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explanations from the inside out
To vegetarians, tofu is a wonder food because it's packed with protein, low in fat and able to meld with almost any cuisine or dish. To those prone to taking jabs at lifestyles unlike their own, tofu is another word to describe Birkenstock-wearing, green tea-drinking, hemp-loving New Age hippies.
Well, the naysayers don't know what they are missing.
Tofu is simply soy milk that has been curdled, drained and pressed into a block. Think cheese without the cow. Depending on how much of the liquid -- or whey -- is pressed out, tofu can be soft, firm or extra-firm. Most recipes call for regular tofu, which is found in refrigerated produce cases and comes packed in water. Silken tofu is less firm and is good for smoothies, while firmer tofu is best for grilling or sauteing.
The beauty of tofu is that it takes on the flavor and character of the ingredients it's cooked with. Toss it into a stir-fry and it absorbs salty soy sauce or pungent ginger. Use it to bulk up blue cheese dressing, and eliminate much of the fat. Tofu adds creaminess to soups, and it's at home as well in desserts such as puddings or pumpkin pies. Tofu can also be sliced, marinated, then baked or grilled.
"I refuse to believe that trading recipes is silly. Tuna fish casserole is at least as real as corporate stock." -- Author Barbara Grizzuti Harrison (Visions of Glory), who died last year at age 67.
The folks at Boca Foods want you to eat less meat -- and presumably more of their Boca Burgers -- by going meatless on Mondays. Boca's Web site offers meatless recipes to get you started. Registered participants who submit a 100-word essay describing the healthful lifestyle change they want to make and how Boca Foods helped them get there are eligible to win $100,000. Entry rules are available at the Web site, or mail your entry to BOCA "Go Meatless" Entries, P.O. Box 4975, Blair, NE 68009-4975. Deadline is May 8.
Plant City strawberries, now in stores and produce markets, are just one reminder that Florida's growing season is different from those of colder states. To get the best from your juicy gems, eat them soon after buying because they are highly perishable. Store uneaten berries in the refrigerator but do not wash them until you are ready to use them. Also, don't cut off the leafy cap until after the berries are washed or water will seep into the fruit.
Forget spring; start pantry cleaning now. Toss out or replace:
-- Spices that are more than 3 years old. Spice manufacturers recommend discarding them after a year, but we think many of them have a longer shelf life. Give them a good whiff; if the oregano smells more like mulch than spaghetti sauce, chuck it.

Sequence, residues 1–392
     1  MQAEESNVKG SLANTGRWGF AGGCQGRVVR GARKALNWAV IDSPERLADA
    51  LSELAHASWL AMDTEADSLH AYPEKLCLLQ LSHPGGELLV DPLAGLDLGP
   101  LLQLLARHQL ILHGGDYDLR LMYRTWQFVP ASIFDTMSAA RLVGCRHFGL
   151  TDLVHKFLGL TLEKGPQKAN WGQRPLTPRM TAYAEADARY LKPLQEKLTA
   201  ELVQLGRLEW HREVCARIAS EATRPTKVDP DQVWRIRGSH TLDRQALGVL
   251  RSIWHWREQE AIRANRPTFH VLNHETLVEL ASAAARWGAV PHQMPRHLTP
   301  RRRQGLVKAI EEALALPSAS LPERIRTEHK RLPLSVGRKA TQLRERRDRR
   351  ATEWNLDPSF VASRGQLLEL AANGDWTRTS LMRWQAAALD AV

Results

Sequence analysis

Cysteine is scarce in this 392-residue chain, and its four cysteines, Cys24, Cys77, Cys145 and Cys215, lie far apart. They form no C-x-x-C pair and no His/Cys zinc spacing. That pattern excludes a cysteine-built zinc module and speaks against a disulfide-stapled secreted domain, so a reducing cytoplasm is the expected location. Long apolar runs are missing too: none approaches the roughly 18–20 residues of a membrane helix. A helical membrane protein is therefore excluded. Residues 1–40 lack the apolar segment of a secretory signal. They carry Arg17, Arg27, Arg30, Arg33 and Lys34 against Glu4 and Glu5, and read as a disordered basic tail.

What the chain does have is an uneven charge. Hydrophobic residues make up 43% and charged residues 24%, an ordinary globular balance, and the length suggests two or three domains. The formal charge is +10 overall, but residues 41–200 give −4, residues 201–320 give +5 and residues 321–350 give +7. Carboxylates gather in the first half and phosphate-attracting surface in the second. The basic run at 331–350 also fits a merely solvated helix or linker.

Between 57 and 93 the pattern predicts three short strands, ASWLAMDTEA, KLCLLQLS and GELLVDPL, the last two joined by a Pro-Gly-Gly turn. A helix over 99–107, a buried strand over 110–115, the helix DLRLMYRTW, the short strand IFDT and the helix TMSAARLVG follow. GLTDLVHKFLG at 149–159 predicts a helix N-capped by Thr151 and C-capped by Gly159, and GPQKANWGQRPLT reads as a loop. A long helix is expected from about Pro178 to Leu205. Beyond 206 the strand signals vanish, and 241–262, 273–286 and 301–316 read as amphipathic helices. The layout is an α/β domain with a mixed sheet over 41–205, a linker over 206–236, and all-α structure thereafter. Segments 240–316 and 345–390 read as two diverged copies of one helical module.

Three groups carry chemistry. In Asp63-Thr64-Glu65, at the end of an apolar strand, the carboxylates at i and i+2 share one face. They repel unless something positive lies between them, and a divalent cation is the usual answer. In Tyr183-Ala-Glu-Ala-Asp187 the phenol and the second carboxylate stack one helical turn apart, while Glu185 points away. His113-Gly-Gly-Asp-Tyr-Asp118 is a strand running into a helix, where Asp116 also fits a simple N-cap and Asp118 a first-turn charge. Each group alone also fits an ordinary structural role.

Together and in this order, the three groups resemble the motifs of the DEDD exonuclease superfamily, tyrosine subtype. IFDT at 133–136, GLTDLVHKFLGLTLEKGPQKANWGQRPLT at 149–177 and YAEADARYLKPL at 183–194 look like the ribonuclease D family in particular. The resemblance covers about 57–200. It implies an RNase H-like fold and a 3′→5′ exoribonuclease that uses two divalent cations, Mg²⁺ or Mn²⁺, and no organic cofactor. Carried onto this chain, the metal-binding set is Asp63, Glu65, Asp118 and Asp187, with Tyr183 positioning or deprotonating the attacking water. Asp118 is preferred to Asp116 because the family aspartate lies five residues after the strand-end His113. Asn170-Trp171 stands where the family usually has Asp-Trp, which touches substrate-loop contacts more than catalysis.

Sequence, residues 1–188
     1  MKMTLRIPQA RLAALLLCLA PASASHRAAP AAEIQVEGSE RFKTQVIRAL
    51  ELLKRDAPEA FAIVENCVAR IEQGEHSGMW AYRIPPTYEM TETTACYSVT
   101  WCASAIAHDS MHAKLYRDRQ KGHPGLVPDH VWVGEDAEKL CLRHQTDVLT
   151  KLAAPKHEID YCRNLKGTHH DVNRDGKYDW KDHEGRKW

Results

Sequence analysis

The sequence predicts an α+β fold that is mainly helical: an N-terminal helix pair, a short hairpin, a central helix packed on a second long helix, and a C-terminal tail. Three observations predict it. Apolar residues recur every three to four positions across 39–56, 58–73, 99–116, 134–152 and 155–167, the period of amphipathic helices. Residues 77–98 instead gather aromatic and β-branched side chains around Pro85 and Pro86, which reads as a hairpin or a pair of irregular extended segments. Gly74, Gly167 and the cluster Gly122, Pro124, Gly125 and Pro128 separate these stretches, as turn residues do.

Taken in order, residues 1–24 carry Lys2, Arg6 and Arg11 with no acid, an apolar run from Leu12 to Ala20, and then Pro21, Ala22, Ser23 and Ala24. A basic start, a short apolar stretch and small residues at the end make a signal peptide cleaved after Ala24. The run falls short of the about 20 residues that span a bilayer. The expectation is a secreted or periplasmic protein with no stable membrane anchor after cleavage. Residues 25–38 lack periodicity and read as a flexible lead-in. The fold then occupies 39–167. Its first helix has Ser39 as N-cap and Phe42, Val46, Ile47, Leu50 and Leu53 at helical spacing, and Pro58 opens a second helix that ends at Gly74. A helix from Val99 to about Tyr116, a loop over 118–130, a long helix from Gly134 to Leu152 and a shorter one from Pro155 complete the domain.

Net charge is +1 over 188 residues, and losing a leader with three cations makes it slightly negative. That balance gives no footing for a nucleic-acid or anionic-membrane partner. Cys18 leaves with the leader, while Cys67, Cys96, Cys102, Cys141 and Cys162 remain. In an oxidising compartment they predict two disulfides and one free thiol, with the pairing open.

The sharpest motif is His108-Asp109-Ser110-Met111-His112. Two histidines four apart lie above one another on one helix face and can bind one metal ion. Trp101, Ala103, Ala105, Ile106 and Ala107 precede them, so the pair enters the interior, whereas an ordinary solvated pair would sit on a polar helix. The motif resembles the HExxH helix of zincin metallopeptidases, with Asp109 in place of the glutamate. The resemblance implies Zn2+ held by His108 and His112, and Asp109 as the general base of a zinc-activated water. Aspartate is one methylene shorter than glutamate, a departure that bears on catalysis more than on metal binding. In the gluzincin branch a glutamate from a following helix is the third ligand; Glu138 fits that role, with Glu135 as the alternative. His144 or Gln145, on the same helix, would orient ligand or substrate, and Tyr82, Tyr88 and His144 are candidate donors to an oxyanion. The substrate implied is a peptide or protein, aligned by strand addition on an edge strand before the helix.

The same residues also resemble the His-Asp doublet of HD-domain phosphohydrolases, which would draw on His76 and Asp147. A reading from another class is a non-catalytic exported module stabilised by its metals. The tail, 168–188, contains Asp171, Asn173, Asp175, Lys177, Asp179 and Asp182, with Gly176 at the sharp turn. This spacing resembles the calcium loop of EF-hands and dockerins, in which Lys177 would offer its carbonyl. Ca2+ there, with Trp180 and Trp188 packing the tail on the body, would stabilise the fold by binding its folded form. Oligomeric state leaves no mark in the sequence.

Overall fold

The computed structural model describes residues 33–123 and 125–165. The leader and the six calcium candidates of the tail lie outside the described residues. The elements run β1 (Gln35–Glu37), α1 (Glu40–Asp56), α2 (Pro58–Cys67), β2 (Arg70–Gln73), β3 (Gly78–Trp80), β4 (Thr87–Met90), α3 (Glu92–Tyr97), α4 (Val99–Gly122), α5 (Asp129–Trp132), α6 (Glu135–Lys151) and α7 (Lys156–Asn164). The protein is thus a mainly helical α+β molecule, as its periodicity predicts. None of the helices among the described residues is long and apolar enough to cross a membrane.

-- Empty boxes or boxes with a quarter cup or less in them. If you can use the remainder at the bottom, use it. Soon. Otherwise, throw it out. Likewise the tiny bit of liquid at the bottom of vinegar, molasses, syrup, honey and oil containers.
-- Cans with bulges; the contents are probably rancid. If you have nonperishable food you don't think you'll use, donate it to a food bank. Just because the holidays are over doesn't mean there aren't people who need help.
Israel is the first country to fortify bread and other wheat products with vitamin B-12, an online news service reports. Studies have indicated that a shortage of the vitamin might be linked to degenerative mental illnesses such as Alzheimer's and dementia, as well as anemia and other disorders.
Dole's new baby spinach blends bring another dimension to bagged salads. Three varieties are available: plain baby spinach, baby spinach with radicchio and baby spinach with red leaf lettuce. The prewashed greens come in 5-ounce to 6-ounce bags and cost about $3.50 at grocery stores.
It's difficult to get excited about every new soda pop that comes off the assembly line. Colas with lemon, colas with vanilla, red pop, blue pop, no caffeine, too, have made us weary and leery. But we are positively giddy that the new 12-pack containers made for Coke products have made it to the Tampa Bay area after introduction last summer in several Southern states. Bulky square containers have given way to more fridge-friendly, elongated carriers called Fridge Packs. A perforated cut in one end allows cans to be pulled easily from the pack. Looks like someone built a better mousetrap. Can Pepsi be far behind?